The well-worn saying goes; “When you're in a Hole, stop digging”; and for the Lean Expert, and their colleagues, it is critical that they avoid digging holes where they’re not needed.

For more information on ‘Start with Why’, please see the following links:
  1. Simon Sinek’s Video
  2. Simon Sinek’s Book
<![CDATA[Autonomation: People and Automation working together]]>Sat, 30 Apr 2016 22:44:08 GMThttp://lean-master.com/blog/autonomation-people-and-automation-working-together

If we are to believe the recent news reports, many of the jobs currently undertaken by humans will be automated within the next 20 years and in a report on the
BBC website the figure given was as high as 35% and on their site even gave the possibility to check the likelihood of your job becoming automated.

However, the general concern in the media seems to be in the vein of what is sometimes referred to as the
'Luddite Fallacy', whereby the assumption is that the automation of jobs and the technological unemployment associated with it will cause structural unemployment. Therefore the insinuation is that if 35% of job types are automated, ergo the numbers of people undertaking those roles will become permanently unemployed.

Whilst I in no way wish to minimise the impact of any type of redundancy on the people involved, let alone that which is brought about by automation, I do believe that the progression of technological advancement is both inevitable and beneficial to society and that it will, as has been witnessed continually in industrial history, result in a demand for additional and new roles. Just think of the numerous roles that the IT revolution has created, with many of the jobs having been non-existent 20 years ago and, in some cases, even 10 years ago (just think of the role of 'App Developer').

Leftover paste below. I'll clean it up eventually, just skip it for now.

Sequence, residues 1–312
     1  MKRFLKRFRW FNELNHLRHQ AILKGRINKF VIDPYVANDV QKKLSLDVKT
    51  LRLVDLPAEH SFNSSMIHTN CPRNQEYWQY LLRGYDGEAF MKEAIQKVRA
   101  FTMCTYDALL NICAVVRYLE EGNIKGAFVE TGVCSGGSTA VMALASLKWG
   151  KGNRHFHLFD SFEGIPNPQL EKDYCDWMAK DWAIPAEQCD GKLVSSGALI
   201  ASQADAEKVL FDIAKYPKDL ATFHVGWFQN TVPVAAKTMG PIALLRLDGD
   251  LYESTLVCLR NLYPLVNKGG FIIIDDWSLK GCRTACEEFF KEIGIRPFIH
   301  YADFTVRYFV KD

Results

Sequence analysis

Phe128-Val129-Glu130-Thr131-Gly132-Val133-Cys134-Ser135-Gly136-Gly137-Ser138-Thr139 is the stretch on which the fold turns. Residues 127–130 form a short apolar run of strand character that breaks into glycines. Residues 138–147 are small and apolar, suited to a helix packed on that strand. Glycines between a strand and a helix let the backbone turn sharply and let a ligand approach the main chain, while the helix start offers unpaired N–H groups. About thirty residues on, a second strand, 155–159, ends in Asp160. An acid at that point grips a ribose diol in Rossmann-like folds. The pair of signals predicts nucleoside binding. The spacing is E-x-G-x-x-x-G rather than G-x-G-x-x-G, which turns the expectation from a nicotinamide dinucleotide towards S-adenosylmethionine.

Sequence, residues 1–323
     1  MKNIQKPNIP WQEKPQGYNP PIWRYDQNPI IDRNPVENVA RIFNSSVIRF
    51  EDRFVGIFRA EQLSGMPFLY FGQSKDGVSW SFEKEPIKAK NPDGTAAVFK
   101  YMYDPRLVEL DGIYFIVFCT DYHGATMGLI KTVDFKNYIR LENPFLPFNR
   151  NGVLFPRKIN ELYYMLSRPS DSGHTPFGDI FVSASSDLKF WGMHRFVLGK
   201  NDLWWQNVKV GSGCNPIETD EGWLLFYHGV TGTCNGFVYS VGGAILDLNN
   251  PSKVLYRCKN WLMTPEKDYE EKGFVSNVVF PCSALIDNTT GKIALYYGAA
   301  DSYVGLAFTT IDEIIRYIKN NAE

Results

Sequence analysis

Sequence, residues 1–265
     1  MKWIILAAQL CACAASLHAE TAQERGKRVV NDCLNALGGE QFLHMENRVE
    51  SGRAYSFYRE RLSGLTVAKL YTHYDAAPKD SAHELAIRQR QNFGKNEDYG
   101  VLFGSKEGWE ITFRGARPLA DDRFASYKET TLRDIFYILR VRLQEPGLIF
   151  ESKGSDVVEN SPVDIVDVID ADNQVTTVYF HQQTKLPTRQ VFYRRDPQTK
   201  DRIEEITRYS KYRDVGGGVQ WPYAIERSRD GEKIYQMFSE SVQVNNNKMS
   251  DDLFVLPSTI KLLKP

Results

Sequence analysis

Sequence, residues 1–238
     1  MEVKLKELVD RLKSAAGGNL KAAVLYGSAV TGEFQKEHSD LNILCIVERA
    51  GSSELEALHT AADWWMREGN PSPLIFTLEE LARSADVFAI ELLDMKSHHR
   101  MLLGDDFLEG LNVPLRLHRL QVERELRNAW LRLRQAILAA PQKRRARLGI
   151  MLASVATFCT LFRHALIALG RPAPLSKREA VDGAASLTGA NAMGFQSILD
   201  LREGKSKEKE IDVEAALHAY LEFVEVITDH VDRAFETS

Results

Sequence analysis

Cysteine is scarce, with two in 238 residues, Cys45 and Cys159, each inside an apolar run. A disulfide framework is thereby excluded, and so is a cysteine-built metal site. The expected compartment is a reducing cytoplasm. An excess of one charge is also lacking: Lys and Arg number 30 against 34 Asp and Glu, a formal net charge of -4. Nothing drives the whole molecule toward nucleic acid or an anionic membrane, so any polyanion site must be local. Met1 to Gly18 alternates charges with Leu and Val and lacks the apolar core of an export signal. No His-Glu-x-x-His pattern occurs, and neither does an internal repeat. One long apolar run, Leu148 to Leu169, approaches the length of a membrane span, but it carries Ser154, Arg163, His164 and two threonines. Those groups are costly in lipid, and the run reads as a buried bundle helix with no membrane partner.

However, the real challenge for both society and businesses is in ensuring that both the people entering the workforce from school and those whose roles are automated have the right skills that those new jobs demand.Nevertheless, there is a different concern that, whilst not new, I see as increasingly prevalent and contrary to the very Lean Thinking and Lean Leadership that I believe delivers superior customer service and hence business performance. This is the prevalent view of automation as a 'silver bullet' to solve problems and reduce costs and this view is gaining momentum, especially as the technology becomes more sophisticated, reliable and cheaper across most areas of industry.

If we think about it, fundamentally the Leaderships of almost all Organisations have the same strategic objective, which is to improve their respective enterprise's performance. That is common whether it is a Multi-national corporation, NGO, Government Department or a family run small business. The only difference is that the metrics of performance might be different and the aspects of performance that they value will differ.

To make this improvement, the organisation needs to firstly understand what its customers value and secondly improve its capability to deliver that value. That is where automation can play a strong role but, and this is a big but, only when the automation is implemented and deployed in unison with the other key elements of capability, that of i. capable processes and ii. competent and engaged people.

It is in this aspect that organisations often fail to implement automation effectively, as they deploy technological solutions without proper attention to the processes and people development aspects of capability. Furthermore, consideration toward the customer value is often ignored, with decisions on automation made based upon the 'efficiency' of the value added portion of the value stream, as opposed to considering the total Lead-time and hence the amount of waste within the system. This can, and often does, result in value streams that have highly automated processes but long-lead times, impacted by a high level of defects, waiting times, over-processing, over-production (a favourite of automation) and the inherent inventory it leads to.